Friday, October 22, 2004

Varieties of Luck

All went well with the surgery, and tomorrow I bring him home.

The hospital is an hour away, one-way. Forty-five minutes if I don't have the kids in the car with me, and I feel like flirting with the possibility of a speeding ticket. I've spent thirty-six hours on the road, just getting to him since he went in.

The surgeon found the cancer and cut it out of him. Now we wait and test and pray that was it, that was all.

It's always hard going to the hospital. I shift into the old self, the watchful, on-edge bitch who had to work within those hallowed walls for so many years. I wasn't in post-op recovery with him for more than five seconds before I called a nurse to correct five errors, including a backed-up abdominal drain reservoir that looked like a blood-filled hand grenade about to explode.

Tonight I suggested it might be nice to check and remove the drain, which hasn't produced anything for thirty-six hours, and earned a gushy thank you from the nurse who was too busy to notice or chart this. We're short-handed this week, she said, sorry about that.

He's sore and tired and ready to come home. I want the same, because I miss him dreadfully, and if he doesn't soon get out of that place understaffing will kill him, or I'll strangle one of these pinhead nurses.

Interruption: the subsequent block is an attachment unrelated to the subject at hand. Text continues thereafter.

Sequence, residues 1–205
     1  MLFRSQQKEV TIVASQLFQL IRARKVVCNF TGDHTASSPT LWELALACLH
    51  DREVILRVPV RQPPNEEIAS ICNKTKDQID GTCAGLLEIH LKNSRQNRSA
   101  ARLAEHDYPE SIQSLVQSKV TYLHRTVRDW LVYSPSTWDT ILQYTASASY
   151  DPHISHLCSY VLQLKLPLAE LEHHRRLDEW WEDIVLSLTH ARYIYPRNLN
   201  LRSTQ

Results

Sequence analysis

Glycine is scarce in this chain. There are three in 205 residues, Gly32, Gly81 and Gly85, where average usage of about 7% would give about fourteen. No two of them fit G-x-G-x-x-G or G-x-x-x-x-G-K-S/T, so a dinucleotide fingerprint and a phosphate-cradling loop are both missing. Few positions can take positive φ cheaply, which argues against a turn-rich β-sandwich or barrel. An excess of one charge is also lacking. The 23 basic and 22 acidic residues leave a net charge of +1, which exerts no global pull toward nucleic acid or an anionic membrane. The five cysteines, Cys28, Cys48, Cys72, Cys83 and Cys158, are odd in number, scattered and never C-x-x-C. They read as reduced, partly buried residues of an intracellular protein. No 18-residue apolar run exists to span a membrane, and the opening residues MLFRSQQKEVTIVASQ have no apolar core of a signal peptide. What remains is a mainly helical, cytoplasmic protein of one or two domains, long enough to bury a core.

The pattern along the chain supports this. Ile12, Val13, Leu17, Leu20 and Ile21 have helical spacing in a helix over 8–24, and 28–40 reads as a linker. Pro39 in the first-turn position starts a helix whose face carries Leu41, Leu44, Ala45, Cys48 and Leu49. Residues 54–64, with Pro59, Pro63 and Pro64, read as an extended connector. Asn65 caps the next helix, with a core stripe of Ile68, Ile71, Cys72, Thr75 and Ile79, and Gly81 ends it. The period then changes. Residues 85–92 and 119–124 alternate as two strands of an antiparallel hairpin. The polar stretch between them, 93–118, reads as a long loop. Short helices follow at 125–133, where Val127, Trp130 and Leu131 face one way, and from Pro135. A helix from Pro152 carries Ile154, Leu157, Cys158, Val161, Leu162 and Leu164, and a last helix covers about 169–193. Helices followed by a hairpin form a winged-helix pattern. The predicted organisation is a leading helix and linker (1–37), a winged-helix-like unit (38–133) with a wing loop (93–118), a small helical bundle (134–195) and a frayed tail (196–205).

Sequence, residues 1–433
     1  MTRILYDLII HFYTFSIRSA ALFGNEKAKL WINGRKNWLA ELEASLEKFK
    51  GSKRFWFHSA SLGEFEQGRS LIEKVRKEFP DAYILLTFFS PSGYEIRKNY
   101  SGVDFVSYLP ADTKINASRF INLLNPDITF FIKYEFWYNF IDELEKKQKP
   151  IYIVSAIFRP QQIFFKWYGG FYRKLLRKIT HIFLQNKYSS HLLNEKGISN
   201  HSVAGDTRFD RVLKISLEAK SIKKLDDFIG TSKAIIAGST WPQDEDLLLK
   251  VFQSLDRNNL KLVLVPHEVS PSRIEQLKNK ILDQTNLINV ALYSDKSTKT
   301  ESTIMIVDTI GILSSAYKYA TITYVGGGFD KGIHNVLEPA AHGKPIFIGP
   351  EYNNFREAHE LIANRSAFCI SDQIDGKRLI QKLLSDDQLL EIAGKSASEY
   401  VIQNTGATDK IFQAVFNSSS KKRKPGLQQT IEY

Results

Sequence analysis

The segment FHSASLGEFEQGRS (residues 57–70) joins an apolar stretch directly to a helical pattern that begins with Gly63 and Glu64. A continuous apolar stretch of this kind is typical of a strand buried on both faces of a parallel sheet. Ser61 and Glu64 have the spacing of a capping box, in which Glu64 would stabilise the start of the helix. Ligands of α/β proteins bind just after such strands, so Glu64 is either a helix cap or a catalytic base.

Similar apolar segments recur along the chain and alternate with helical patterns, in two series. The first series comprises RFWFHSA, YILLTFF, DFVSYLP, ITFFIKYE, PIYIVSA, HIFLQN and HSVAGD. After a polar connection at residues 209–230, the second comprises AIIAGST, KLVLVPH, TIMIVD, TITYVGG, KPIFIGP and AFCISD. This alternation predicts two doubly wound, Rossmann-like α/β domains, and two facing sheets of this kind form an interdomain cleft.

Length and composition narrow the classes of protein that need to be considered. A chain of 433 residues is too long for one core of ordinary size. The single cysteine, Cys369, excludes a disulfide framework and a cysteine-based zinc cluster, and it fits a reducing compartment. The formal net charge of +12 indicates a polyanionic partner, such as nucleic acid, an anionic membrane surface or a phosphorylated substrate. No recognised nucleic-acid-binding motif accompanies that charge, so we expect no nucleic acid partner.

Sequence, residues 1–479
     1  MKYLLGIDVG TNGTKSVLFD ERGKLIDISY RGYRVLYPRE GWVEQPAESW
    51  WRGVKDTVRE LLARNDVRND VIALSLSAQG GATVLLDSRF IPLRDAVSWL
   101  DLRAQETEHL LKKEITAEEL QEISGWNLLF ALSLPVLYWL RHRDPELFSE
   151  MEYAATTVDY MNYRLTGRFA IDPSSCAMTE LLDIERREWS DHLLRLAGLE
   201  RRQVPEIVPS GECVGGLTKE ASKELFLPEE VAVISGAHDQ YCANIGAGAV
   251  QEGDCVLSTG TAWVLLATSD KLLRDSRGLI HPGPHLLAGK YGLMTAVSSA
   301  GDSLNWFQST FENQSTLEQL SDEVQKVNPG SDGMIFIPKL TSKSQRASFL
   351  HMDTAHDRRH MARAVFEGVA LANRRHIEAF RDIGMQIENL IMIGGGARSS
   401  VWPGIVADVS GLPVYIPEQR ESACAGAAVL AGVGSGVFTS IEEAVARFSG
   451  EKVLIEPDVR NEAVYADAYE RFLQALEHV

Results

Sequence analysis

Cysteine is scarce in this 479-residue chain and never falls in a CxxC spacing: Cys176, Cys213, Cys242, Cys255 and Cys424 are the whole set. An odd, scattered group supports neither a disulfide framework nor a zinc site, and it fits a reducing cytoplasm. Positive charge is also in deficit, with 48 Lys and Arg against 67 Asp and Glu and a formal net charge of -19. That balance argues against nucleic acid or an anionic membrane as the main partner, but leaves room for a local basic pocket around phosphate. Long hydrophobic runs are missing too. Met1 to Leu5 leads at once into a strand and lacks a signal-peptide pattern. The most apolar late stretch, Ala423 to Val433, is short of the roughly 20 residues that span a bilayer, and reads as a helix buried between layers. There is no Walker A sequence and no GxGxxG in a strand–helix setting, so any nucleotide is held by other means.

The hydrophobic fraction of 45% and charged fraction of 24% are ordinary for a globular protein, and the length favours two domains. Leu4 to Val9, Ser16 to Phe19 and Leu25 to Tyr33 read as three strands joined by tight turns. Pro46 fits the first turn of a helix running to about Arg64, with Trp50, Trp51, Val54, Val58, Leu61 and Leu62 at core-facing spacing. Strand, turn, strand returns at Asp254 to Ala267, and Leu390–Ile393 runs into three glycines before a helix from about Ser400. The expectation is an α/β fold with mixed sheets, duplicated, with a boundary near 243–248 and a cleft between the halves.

A thunderstorm fried my internet computer's modem the day of his surgery, so this post is coming to you gratis his laptop. I called and ordered another new computer yesterday; the toasty one is three years old and I've rebuilt the damn thing five times.

The road trips have been good for the career. I've plotted three new books, all on the hand-held recorder as I drive. Keeps me from trying to run down nurses I see in the parking garage, too.

To say I'm tired and strung-out is a bit of an understatement. Too much lousy coffee, too many hours on the road, too many nights staring into the dark and knowing too much and thinking the wrong things.

Tomorrow I bring him home, where he belongs, where I can care for him and make sure it's done gently and timely and correctly. Tomorrow the world rights itself, and we go on.

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